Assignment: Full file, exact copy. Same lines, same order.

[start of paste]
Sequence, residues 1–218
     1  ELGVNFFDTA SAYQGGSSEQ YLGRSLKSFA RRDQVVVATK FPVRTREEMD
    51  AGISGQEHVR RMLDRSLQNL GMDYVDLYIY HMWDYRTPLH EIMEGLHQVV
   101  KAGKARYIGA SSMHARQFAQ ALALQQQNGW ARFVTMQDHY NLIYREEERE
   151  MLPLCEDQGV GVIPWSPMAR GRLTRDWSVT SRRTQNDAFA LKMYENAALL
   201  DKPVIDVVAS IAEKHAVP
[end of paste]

Sequence, residues 1–218
     1  ELGVNFFDTA SAYQGGSSEQ YLGRSLKSFA RRDQVVVATK FPVRTREEMD
    51  AGISGQEHVR RMLDRSLQNL GMDYVDLYIY HMWDYRTPLH EIMEGLHQVV
   101  KAGKARYIGA SSMHARQFAQ ALALQQQNGW ARFVTMQDHY NLIYREEERE
   151  MLPLCEDQGV GVIPWSPMAR GRLTRDWSVT SRRTQNDAFA LKMYENAALL
   201  DKPVIDVVAS IAEKHAVP